which should return 0123456789abcdef.. if you have the new version.
-Sorry for inconvenience.
+Sorry for inconvenience.
Does this seem a bit complicated? It *should* be. There is no
-way that it would be correct to just "fix" it behind peoples
-backs. People need to know that their tags might have been
+way that it would be correct to just "fix" it automatically.
+People need to know that their tags might have been changed.
from each other do not necessarily want to automatically get
private anchor point tags from the other person.
-You would notice "please pull" messages on the mailing list says
-repo URL and branch name alone. This is designed to be easily
-cut&pasted to a 'git fetch' command line:
+Often, "please pull" messages on the mailing list just provide
+two pieces of information: a repo URL and a branch name; this
+is designed to be easily cut&pasted at the end of a 'git fetch'
$ git pull git://git..../proj.git master
-In such a case, you do not want to automatically follow other's
+In such a case, you do not want to automatically follow the other
-One important aspect of git is it is distributed, and being
-distributed largely means there is no inherent "upstream" or
+One important aspect of git is its distributed nature, which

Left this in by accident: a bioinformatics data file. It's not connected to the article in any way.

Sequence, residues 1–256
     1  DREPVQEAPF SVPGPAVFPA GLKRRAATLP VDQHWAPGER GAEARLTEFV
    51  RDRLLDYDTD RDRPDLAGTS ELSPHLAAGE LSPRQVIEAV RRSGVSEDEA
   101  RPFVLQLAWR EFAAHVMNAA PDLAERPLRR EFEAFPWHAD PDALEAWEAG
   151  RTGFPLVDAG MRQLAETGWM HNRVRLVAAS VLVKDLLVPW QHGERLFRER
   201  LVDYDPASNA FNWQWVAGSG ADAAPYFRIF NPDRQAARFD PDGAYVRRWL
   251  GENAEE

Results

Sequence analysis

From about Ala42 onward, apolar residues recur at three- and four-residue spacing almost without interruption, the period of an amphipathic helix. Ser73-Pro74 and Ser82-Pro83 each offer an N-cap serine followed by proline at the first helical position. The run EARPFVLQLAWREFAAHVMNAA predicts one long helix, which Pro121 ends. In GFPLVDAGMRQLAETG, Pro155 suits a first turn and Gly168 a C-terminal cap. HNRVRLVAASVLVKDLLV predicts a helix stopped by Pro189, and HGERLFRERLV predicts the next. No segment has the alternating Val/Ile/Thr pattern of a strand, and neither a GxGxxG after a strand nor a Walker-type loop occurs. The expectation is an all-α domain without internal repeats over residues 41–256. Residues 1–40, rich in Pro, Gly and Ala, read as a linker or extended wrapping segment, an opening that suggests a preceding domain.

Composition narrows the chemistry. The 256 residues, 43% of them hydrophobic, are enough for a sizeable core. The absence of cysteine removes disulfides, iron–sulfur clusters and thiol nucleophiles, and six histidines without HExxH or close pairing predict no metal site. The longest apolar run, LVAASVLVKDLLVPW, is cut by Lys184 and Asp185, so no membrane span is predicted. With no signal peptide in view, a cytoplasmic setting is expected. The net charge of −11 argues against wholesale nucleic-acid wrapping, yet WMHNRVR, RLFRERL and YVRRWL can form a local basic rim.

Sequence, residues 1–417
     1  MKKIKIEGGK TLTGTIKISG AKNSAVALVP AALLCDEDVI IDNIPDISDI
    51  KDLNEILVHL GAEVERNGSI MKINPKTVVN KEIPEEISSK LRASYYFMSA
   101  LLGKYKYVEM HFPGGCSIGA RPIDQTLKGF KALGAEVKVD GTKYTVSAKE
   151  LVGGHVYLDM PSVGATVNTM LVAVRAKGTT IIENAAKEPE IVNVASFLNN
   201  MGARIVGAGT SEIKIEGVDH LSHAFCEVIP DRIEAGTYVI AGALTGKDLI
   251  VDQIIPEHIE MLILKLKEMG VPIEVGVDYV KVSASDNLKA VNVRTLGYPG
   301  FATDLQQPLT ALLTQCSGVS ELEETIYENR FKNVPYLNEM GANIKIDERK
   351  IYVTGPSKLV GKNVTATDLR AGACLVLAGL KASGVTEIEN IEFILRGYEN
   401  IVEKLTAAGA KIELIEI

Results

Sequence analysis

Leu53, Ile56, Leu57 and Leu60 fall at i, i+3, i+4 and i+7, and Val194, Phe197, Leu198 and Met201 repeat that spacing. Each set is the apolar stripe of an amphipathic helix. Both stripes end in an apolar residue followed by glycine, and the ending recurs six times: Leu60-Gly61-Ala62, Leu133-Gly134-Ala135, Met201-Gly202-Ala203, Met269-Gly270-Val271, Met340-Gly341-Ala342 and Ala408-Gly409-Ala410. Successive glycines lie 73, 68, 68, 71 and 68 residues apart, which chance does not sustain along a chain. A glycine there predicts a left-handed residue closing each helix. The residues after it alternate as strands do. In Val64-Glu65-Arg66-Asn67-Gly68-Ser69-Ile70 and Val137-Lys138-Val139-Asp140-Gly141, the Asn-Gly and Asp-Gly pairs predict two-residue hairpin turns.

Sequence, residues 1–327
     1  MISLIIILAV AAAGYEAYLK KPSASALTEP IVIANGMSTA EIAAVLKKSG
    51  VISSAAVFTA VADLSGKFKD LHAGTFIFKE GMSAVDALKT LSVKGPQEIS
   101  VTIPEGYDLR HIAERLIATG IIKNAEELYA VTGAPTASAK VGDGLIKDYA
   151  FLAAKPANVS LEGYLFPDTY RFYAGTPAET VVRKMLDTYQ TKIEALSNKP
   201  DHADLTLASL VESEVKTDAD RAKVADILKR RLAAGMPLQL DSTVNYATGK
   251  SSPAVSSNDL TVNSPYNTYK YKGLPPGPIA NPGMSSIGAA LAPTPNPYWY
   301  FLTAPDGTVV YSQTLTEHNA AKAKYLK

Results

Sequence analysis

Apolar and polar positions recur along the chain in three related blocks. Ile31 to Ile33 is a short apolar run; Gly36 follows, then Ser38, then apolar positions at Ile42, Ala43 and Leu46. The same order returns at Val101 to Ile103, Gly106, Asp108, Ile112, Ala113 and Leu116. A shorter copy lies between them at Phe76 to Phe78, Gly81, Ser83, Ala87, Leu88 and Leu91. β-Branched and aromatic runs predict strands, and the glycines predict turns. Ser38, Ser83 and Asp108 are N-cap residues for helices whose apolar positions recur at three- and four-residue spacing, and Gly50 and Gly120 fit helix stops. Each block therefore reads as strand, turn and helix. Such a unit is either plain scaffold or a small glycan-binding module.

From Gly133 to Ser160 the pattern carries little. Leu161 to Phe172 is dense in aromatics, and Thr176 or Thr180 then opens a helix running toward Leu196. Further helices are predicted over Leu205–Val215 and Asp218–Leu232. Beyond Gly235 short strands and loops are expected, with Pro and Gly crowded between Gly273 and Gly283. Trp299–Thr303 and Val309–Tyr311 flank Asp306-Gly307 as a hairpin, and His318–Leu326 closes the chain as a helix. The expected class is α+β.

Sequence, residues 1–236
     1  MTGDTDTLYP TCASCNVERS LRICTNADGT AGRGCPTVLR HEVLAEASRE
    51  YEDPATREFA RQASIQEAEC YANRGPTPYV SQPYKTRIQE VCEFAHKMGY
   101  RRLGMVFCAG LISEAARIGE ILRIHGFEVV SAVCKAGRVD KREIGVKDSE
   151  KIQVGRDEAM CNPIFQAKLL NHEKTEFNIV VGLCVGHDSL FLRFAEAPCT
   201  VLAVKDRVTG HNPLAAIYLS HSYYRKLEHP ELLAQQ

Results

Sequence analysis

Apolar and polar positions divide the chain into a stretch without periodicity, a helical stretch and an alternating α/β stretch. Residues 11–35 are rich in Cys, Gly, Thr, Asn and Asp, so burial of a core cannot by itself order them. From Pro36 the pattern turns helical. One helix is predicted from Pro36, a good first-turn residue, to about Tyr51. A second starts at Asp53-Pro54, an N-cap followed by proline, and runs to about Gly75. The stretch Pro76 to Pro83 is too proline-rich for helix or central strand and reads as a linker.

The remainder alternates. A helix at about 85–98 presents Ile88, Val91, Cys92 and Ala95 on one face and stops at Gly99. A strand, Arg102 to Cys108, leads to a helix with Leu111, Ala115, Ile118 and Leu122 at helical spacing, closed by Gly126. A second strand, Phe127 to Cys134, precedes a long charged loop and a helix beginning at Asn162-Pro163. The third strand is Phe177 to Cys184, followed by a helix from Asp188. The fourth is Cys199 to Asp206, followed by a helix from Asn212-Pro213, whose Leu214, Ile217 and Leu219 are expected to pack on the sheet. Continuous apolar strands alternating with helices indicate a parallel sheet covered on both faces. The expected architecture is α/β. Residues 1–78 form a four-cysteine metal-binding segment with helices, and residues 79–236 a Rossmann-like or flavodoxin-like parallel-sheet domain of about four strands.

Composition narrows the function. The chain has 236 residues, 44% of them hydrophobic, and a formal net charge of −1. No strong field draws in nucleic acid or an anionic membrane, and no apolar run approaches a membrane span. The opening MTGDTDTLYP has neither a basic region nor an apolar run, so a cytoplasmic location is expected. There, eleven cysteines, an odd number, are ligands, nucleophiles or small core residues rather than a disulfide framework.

+largely means there is no inherent "upstream" or
"downstream" in the system. On the face of it, the above
example might seem to indicate that the tag namespace is owned
-by upper echelon of people and tags only flow downwards, but
+by upper echelon of people and tags only flow downwards, but
that is not the case. It only shows that the usage pattern
determines who are interested in whose tags.
It may well be that among networking people, they may want to
exchange the tags internal to their group, but in that workflow
-they are most likely tracking
with each other's progress by
+they are most likely tracking each other's progress by
having remote-tracking branches. Again, the heuristic to automatically
follow such tags is a good thing.
If you have imported some changes from another VCS and would like
to add tags for major releases of your work, it is useful to be able
-to specify the date to embed inside of the tag object
. The data in
+to specify the date to embed inside of the tag object data in
the tag object affects, for example, the ordering of tags in the
To set the date used in future tag objects, set the environment
-variable GIT_COMMITTER_DATE to one or more of the date and time. The
-date and time can be specified in a number of ways; the most common
+variable GIT_COMMITTER_DATE (see the later discussion of possible
+values; the most common form is "YYYY-MM-DD HH:MM").
$ GIT_COMMITTER_DATE="2006-10-02 10:31" git tag -s v1.0.1